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p. 94


a as in father.

ā nearly of the same quality, but of longer duration. It is used as a matter of convenience to distinguish a few words from others nearly like them.

ai as in aisle.

e as in net.

ē as in they but lacking the vanish.

ei the sound of ē followed by a vanish.

i as in pin.

ī as in pique.

ō as in note.

o a more open sound than the last, nearly as in on.

oi as in boil.

ū as in rule.

û nearly as in but, a little nearer to a.

û at faint sound like the last. Sometimes it is entirely wanting.

y as in yes.

w as in will.

w an unvoiced w which occurs frequently at the end of syllables. When it follows vowels other than ō or ū it is preceded by a glide and is accordingly written uw.

hw the preceding in the initial position. It has nearly the sound of wh in who.

l as in let.

L an unvoiced sound made with the tip of the tongue against the teeth, the breath being allowed to escape rather freely at one side of the tongue.

L nearly like the preceding, but the sides of the tongue are held more firmly against the back teeth, resulting in a harsher sound often beginning with a slight explosion. Some speakers place the tip of the tongue in the alveolar position.

p. 95

m as in English.

n usually as in English, but sometimes very short.

ñ as ng in sing.

h as in English but somewhat stronger.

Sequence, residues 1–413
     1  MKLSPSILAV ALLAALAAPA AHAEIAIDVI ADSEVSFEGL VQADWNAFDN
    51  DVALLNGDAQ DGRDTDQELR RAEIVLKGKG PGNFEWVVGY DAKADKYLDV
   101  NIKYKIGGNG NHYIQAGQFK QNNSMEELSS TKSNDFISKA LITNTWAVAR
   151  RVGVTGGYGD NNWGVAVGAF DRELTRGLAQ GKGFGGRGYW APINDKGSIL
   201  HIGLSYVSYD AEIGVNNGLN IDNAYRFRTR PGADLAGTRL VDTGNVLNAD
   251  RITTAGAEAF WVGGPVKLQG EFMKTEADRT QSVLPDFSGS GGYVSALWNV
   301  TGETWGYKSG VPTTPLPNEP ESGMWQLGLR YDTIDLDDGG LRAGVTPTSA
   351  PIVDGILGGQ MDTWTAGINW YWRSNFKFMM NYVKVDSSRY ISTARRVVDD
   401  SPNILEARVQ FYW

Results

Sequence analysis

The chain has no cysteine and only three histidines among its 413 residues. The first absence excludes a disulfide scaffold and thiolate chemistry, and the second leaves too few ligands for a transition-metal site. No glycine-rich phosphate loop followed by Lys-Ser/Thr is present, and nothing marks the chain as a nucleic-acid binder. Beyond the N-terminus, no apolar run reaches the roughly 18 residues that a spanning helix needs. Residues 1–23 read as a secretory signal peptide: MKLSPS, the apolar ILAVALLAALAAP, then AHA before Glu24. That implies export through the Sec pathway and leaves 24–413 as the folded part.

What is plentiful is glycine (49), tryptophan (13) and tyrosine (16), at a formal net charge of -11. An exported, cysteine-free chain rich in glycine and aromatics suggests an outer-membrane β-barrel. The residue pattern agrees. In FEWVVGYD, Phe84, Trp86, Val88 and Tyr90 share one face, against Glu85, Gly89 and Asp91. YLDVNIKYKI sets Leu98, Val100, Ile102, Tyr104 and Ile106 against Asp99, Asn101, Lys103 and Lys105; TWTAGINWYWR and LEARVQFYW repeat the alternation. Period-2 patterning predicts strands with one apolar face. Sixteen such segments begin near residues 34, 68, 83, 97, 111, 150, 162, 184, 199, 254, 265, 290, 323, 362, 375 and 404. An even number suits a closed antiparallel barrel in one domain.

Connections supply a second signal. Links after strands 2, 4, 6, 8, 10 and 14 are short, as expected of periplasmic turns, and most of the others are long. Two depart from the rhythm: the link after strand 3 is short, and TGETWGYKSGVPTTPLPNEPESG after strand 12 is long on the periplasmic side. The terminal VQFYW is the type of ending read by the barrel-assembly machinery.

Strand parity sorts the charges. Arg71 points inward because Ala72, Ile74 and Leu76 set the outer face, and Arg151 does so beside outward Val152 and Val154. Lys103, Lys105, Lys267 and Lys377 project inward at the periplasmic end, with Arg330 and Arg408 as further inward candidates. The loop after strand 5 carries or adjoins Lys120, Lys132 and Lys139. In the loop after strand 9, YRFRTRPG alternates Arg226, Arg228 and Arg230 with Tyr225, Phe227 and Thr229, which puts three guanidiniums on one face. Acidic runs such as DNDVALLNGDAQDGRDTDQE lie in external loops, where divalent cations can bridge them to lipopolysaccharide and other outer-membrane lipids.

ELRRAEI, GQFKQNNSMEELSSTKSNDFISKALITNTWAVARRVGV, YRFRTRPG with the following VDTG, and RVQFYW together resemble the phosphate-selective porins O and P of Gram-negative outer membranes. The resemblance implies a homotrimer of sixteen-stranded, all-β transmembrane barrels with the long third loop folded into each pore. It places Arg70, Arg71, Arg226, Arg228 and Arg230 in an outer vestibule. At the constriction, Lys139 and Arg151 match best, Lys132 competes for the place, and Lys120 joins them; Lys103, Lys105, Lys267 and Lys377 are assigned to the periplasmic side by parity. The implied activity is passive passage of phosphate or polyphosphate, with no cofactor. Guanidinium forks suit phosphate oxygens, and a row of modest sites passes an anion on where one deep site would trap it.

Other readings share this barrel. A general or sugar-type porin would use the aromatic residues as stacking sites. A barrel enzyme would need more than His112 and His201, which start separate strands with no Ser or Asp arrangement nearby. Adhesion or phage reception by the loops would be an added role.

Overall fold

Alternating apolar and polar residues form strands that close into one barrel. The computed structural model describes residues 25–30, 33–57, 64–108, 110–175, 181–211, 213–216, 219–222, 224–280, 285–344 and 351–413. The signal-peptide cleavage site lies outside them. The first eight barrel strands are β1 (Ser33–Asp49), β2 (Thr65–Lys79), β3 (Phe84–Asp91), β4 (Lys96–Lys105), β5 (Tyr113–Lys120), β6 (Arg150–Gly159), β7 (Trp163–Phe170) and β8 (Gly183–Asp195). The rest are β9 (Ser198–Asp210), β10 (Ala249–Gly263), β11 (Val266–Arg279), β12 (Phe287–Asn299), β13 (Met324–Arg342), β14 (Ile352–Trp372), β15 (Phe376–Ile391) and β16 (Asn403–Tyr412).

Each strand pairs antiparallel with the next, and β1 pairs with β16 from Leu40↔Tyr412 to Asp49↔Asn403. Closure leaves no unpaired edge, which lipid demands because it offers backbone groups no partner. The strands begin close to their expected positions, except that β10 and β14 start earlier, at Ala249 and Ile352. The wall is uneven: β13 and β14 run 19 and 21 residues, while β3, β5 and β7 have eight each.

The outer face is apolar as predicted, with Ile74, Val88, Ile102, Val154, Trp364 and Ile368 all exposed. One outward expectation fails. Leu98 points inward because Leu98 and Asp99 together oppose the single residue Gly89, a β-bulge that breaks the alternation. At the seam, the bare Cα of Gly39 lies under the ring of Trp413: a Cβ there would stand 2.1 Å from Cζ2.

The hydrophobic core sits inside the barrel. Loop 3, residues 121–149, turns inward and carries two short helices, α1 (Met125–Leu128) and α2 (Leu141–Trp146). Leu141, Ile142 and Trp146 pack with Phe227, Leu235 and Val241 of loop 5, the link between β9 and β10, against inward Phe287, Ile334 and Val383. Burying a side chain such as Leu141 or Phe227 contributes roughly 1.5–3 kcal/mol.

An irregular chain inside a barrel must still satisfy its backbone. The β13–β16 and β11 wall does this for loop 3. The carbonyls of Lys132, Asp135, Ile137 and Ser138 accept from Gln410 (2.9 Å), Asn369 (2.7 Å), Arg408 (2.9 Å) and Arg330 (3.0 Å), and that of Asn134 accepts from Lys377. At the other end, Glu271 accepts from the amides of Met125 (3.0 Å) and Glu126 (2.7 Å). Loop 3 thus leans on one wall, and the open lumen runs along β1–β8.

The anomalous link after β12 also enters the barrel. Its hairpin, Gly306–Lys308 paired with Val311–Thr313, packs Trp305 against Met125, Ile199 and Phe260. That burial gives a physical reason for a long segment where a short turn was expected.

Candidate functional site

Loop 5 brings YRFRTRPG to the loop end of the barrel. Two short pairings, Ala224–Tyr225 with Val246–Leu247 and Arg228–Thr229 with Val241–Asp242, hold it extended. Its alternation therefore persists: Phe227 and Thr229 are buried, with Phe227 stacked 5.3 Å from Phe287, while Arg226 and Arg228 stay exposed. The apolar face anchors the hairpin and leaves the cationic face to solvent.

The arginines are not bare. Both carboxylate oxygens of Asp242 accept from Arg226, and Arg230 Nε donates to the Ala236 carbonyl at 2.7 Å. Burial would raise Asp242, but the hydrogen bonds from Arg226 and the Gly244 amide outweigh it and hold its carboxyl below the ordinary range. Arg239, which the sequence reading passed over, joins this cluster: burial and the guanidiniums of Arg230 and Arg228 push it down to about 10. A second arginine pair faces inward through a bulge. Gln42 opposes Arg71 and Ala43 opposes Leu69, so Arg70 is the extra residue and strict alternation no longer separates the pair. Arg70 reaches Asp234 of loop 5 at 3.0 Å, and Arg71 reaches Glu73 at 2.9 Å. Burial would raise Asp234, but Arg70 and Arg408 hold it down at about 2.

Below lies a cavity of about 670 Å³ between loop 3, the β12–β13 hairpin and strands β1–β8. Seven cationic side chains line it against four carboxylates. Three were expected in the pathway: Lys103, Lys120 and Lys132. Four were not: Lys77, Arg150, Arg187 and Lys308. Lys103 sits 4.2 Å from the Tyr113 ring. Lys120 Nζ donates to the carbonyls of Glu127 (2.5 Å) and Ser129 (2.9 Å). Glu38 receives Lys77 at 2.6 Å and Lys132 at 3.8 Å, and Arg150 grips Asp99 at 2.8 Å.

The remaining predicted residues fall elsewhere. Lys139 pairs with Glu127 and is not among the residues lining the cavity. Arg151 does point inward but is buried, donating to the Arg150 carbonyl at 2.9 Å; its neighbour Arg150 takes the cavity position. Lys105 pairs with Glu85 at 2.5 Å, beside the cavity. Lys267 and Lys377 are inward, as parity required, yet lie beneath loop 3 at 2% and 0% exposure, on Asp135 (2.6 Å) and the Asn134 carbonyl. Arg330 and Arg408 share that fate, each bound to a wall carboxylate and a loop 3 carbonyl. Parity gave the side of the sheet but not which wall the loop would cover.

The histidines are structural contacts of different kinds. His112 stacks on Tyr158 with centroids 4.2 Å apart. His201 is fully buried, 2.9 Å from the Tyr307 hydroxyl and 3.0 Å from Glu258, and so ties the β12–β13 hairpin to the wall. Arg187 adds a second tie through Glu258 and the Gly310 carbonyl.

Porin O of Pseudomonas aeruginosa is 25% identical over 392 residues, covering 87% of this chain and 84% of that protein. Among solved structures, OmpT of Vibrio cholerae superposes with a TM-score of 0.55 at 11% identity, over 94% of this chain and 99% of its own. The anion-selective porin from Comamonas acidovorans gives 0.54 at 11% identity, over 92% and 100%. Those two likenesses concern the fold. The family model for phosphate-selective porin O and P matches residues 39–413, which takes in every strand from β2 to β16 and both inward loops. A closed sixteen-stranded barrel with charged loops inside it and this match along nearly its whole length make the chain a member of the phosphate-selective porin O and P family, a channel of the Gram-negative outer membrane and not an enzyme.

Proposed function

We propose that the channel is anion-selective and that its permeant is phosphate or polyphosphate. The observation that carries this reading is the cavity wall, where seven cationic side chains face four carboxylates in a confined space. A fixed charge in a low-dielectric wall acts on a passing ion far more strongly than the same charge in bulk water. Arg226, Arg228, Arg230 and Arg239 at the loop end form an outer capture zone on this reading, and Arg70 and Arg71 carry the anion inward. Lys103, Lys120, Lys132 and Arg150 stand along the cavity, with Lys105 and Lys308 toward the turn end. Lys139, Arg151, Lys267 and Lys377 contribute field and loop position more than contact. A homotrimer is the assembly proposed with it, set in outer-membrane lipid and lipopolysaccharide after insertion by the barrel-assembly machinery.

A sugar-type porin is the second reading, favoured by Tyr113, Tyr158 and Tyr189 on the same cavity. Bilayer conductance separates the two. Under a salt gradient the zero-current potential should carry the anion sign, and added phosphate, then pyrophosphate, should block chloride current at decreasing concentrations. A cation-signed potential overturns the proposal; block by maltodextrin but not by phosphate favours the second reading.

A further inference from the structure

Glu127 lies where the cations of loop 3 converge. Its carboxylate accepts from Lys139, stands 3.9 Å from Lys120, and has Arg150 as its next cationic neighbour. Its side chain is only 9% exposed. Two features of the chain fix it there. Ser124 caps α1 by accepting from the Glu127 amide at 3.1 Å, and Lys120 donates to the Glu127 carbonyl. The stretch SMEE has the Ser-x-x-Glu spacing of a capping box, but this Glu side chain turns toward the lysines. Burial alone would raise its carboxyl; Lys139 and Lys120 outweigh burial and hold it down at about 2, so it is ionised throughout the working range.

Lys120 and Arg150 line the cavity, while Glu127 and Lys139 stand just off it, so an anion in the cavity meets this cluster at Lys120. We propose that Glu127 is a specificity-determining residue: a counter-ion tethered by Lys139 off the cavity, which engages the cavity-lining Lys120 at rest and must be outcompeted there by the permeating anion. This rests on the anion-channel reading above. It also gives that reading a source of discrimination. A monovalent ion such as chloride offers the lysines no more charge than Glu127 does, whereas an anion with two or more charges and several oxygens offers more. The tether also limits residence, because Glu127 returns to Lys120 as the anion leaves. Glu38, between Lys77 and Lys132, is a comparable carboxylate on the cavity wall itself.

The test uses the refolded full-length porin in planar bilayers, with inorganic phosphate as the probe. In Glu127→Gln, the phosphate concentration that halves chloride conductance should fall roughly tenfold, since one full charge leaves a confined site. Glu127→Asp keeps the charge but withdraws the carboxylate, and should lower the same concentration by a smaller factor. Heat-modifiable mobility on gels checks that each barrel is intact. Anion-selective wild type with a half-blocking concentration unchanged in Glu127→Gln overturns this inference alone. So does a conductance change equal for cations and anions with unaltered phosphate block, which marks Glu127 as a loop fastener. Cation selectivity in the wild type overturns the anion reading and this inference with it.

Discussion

x has the sound of jota in Spanish.

s as in sit.

z the corresponding voiced continuant; only after d and rare.

c as sh in shall. It seldom occurs except after t.

d is spoken with the tongue on the teeth.

t an easily recognized, somewhat aspirated surd in the position of d.

t an unaspirated surd which is distinguished from d with difficulty.

k, ky a surd stop having the contact on the posterior third of the hard palate. Except before e, ē, i, and ī a glide is noticeable and has been written as y.

g, gy the sonant of the preceding, occurs rarely.

k when written before a back vowel (a, o, ō, û, ū) without a following y, stands for a surd nearly in the position of c in come, but the contact is very firm. The resulting sound is very harsh and quite unlike the English sound.

q is a velar surd occurring only before back vowels.

tc as ch in church.

dj the corresponding voiced sound equivalent to j or soft g in English.

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